Advertisement
YOU ARE HERE: LAT HomeCollections

FORKLORE

Our Pal, Pigweed

August 15, 1996|CHARLES PERRY

One of humanity's little buddies in the plant kingdom is the family Chenopodiaceae, though it's mostly known to us from weeds with the unpromising names goosefoot and pigweed. "Goosefoot" (which is what the botanical name Chenopodium literally means) refers to the web-footed shape of the leaves and "pigweed" to the plump look of the plants when they're laden with seeds. All the Chenopodiaceae are known for prolific seed production.

Despite the disrespectful names, plants of this family have given us a respectable amount of food over the centuries. Chenopodium album, or pigweed proper (also known as lamb's-quarters), is an edible green that is still often gathered in this country. In time of famine, the Teda people of the eastern Sahara collect the seeds of a variety of goosefoot and steam them to make a couscous that comes out black.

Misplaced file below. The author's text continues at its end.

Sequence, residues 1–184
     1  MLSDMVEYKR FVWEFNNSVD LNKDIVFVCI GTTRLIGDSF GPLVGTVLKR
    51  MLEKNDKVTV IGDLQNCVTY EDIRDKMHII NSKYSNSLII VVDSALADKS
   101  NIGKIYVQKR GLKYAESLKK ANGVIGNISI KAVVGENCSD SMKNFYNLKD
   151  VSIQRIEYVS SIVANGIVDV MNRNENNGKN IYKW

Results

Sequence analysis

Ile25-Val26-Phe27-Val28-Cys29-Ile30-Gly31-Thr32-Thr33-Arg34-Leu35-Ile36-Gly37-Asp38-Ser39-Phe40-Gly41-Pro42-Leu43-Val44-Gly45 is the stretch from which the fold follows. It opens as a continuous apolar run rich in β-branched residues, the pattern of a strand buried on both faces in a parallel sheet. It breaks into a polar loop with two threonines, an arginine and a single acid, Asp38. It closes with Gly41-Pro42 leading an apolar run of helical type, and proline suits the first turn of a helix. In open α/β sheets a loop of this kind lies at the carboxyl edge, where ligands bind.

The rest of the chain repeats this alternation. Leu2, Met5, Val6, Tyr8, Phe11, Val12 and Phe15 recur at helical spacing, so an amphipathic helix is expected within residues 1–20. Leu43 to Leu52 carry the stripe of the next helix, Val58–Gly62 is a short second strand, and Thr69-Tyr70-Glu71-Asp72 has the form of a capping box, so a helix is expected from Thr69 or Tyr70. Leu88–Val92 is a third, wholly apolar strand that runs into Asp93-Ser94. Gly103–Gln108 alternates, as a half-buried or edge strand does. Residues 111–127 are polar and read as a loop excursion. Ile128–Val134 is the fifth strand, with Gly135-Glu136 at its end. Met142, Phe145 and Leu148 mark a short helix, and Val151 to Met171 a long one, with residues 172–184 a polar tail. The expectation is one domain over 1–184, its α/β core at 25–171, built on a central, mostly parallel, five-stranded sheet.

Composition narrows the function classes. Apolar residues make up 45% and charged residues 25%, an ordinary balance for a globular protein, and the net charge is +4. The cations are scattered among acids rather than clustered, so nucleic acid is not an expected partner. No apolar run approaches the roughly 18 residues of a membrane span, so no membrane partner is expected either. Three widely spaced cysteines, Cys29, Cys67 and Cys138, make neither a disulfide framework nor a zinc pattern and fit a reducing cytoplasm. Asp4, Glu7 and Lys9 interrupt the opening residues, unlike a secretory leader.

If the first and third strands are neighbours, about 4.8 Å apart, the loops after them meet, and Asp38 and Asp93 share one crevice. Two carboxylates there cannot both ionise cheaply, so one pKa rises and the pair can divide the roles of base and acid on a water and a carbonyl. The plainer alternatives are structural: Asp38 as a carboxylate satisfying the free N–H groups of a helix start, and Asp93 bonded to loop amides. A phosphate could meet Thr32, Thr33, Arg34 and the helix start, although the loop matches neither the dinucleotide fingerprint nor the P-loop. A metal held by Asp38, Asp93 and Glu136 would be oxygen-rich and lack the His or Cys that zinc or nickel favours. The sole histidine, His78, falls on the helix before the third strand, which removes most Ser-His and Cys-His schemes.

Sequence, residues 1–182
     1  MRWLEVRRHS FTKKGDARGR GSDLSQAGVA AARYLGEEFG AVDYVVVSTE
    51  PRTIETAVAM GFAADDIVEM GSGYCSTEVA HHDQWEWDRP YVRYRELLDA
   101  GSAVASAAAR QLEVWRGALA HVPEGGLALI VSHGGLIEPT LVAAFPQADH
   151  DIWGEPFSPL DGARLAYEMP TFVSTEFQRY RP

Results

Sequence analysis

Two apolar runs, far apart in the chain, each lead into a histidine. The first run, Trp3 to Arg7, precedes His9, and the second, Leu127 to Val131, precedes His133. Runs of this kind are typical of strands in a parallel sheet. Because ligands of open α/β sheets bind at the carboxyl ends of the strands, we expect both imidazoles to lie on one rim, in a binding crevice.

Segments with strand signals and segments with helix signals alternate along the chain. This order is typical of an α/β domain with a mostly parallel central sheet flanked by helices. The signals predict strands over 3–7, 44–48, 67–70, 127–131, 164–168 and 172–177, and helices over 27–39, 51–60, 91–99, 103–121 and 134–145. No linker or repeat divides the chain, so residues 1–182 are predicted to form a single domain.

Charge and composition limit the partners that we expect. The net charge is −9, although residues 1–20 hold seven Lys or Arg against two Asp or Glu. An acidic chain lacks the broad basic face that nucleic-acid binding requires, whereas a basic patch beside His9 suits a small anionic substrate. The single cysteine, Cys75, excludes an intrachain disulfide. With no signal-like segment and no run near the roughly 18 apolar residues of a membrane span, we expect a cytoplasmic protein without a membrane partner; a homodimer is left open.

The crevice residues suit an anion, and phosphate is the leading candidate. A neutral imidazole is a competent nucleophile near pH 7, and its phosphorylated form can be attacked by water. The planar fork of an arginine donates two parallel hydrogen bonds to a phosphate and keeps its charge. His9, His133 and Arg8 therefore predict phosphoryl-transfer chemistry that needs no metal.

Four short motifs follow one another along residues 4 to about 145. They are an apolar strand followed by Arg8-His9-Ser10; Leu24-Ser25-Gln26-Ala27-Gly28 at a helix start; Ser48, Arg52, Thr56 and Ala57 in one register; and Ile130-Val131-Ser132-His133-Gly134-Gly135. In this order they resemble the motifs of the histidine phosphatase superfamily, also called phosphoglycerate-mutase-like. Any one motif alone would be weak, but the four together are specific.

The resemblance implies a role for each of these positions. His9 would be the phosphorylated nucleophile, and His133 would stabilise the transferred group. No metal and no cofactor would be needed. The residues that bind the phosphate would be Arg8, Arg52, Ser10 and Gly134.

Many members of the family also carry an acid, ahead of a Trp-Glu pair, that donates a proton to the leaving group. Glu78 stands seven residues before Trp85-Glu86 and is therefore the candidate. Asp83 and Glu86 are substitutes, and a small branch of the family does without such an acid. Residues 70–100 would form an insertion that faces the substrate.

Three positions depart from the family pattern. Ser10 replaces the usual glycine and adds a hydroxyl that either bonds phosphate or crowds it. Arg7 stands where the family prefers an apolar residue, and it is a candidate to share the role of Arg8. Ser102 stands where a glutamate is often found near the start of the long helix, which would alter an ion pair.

Good-king-henry (Ch. bonus-henricus) was a common green in medieval Europe. You can get an idea of its onetime importance from the number of names that were given to it in England alone: wild spinach, good-king-henry, fat-hen, mercury and allgood.

The Western Hemisphere has a number of goosefoots of its own, one being the famous Andean grain Ch. quinoa, which has two less famous but equally edible cousins. The goosefoot of Mexican cuisine is Ch. ambrosoides, otherwise known as the herb epazote.

Advertisement
Los Angeles Times Articles
|
|
|